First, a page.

Committee members adopted a number of provisions related to sexual assault, including a proposal from Rep. Jackie Speier (D-Calif.) that would substantially change how these cases are handled at military service academies. Speier’s amendment would divert responsibility for adjudicating these cases from military leaders to an independent prosecutor. The four-year pilot program, if ultimately implemented, would constitute “a significant victory” for critics of the current system, who have long complained about problems with the current model of resolving sexual assault cases within the chain of command, Roll Call reported

Reported instances of sexual assault more than doubled between 2016 and 2018 at the US Military Academy, a Pentagon report found in January. Across the service academies, which include West Point, Annapolis, and the Air Force Academy in Colorado Springs, students reported a 47 percent increase in instances of unwanted sexual contact over that same time. 

Some committee Republicans, such as Rep. Mike Turner (R-Ohio), argued for an alternative solution that would look more broadly at the chain of command’s role in cases of sexual violence, but his idea only won support from one Democrat, retired Navy officer Elaine Luria (D-VA), and was shot down in favor of Speier’s plan. A separate amendment from Speier to protect survivors of sexual assault from being punished for military crimes like disorderly conduct or breaking curfew also passed.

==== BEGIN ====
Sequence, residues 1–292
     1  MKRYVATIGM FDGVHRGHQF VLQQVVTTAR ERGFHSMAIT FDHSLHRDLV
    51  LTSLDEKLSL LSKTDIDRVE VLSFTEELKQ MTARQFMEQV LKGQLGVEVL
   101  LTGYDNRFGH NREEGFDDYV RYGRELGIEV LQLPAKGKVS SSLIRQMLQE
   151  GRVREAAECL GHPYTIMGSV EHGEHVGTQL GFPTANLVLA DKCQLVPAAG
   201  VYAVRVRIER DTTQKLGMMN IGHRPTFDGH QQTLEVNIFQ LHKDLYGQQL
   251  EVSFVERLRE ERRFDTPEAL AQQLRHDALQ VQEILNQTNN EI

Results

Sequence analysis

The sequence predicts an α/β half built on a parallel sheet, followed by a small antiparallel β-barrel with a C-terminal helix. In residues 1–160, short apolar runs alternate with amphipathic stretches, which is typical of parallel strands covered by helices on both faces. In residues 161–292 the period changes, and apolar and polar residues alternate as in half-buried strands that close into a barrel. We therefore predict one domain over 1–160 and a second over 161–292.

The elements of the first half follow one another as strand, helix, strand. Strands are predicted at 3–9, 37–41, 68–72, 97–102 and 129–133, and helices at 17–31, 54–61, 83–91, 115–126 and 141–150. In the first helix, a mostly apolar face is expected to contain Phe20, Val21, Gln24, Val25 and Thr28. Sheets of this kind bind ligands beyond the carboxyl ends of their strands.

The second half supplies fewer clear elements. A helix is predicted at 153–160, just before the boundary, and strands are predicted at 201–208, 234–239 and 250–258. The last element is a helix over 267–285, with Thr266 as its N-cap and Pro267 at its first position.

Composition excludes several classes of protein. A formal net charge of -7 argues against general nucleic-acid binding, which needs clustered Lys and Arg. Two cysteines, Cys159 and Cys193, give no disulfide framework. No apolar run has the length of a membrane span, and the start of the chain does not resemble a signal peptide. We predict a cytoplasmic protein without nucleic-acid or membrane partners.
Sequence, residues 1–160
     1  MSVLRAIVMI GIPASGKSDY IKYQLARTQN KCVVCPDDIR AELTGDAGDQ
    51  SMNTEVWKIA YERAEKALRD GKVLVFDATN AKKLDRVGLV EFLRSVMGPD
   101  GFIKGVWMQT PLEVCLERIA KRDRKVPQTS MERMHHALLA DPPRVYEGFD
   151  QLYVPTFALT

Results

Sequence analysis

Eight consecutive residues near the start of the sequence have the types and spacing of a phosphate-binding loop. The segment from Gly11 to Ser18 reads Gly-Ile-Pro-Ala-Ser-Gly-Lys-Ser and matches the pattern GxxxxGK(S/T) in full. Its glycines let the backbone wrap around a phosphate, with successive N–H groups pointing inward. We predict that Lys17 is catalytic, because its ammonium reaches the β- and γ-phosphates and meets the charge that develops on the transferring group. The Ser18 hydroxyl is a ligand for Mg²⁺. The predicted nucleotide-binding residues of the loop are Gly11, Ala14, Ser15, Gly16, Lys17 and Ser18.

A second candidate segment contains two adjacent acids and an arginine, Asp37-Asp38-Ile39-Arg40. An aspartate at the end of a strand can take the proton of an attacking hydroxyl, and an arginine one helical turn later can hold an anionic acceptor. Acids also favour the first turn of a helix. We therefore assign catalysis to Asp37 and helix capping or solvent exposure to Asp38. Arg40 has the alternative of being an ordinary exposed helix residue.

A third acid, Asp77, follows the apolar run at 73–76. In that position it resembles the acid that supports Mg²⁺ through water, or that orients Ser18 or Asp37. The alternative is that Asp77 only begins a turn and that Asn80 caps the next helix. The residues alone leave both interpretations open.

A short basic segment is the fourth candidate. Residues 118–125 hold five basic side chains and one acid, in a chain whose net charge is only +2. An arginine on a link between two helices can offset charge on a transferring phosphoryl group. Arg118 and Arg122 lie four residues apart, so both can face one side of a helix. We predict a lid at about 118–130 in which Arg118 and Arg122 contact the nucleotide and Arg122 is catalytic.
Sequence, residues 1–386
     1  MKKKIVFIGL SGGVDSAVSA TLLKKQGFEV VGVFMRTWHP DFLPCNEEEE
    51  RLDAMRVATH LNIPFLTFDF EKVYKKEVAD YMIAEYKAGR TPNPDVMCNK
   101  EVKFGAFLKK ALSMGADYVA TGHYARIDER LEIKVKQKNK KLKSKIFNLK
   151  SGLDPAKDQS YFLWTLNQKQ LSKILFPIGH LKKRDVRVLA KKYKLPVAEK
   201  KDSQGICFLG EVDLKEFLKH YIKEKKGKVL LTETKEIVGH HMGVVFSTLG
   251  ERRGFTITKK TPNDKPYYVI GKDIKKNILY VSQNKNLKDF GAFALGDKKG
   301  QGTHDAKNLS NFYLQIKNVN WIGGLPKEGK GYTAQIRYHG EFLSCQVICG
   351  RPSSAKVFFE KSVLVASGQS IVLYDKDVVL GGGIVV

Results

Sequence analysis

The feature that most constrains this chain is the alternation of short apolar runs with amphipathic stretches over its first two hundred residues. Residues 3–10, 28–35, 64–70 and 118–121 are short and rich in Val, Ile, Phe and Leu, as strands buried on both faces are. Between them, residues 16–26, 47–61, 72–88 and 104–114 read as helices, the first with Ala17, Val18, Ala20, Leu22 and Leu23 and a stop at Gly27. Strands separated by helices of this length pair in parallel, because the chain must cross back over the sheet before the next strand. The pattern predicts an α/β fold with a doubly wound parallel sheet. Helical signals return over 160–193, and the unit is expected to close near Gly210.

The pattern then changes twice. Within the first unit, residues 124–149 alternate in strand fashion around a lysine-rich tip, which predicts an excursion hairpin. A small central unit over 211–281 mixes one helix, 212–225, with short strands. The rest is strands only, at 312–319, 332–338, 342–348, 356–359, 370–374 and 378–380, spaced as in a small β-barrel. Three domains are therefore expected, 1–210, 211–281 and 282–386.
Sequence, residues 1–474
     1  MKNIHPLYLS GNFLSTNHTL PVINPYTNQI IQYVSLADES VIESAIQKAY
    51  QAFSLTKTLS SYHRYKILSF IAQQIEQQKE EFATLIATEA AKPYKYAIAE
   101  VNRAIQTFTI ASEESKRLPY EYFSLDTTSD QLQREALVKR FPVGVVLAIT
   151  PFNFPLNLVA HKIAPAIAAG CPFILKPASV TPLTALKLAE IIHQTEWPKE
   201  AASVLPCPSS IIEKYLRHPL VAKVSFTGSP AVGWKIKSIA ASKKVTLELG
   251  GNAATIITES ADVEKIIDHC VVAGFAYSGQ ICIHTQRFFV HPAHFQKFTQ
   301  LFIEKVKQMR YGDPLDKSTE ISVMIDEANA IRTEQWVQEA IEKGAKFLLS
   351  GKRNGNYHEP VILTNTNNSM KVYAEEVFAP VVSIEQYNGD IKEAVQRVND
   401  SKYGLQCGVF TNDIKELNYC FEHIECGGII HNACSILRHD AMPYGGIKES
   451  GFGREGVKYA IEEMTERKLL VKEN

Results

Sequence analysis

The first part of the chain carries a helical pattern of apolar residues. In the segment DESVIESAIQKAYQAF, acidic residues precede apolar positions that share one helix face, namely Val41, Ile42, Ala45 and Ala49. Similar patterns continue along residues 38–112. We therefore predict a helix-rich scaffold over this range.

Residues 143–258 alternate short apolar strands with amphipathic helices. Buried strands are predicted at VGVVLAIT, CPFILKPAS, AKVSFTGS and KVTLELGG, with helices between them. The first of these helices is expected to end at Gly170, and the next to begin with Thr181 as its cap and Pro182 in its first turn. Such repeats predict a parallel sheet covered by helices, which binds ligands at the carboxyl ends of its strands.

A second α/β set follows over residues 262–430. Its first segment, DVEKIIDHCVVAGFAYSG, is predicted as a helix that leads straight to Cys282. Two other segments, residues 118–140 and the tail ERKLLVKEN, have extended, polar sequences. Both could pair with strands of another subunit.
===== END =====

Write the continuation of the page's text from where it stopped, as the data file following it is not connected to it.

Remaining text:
Painting Air Force One gold (or any other color) will have to wait.

Last year, Trump promised big plans for Air Force One. “Air Force One is going to be incredible,” he told CBS News. “It’s gonna be the top of the line, the top in the world. And it’s gonna be red, white, and blue, which I think is appropriate.”

Not so fast, House Democrats responded.

In yet another party-line vote, the House Armed Services committee blocked future presidents from tinkering with the plane’s “paint scheme, interiors, and livery” without congressional approval. Members were surprisingly passionate about the issue, which was a none-too-subtle jab at Trump’s stated plan to paint Air Force One in the style of his red, white, and blue private jet. 

As committee member Rep. John Garamendi (D-CA) said on Twitter, “I don’t want Air Force One, an iconic symbol of the United States, to be painted red, gold, or whatever else this President would do to look like surplus inventory from the defunct Trump Airlines.”